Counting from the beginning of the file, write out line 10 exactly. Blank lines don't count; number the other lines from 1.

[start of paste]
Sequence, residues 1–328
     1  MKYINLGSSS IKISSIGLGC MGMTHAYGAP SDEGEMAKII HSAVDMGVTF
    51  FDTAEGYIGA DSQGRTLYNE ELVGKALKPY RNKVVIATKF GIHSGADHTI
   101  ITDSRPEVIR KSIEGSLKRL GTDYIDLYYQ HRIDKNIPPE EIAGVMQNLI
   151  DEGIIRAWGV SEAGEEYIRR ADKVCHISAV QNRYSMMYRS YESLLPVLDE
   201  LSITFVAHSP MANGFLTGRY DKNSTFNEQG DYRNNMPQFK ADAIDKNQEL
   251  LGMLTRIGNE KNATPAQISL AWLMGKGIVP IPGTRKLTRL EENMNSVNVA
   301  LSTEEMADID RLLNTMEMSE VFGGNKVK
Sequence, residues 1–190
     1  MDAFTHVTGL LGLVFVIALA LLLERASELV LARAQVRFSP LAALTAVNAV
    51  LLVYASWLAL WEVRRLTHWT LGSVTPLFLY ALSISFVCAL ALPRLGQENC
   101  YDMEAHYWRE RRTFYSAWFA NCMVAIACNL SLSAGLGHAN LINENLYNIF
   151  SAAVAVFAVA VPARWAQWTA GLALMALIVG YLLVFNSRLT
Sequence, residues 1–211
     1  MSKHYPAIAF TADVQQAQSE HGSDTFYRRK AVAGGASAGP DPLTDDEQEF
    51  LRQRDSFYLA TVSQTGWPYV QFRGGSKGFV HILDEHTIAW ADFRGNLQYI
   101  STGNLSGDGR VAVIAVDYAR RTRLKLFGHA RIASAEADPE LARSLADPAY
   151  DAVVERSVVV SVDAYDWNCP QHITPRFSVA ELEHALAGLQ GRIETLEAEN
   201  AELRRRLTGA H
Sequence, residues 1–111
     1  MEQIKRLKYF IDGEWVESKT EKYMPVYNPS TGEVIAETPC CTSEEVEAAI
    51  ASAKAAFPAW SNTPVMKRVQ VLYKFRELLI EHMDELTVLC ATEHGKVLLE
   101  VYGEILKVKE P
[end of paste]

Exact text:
     1  MDAFTHVTGL LGLVFVIALA LLLERASELV LARAQVRFSP LAALTAVNAV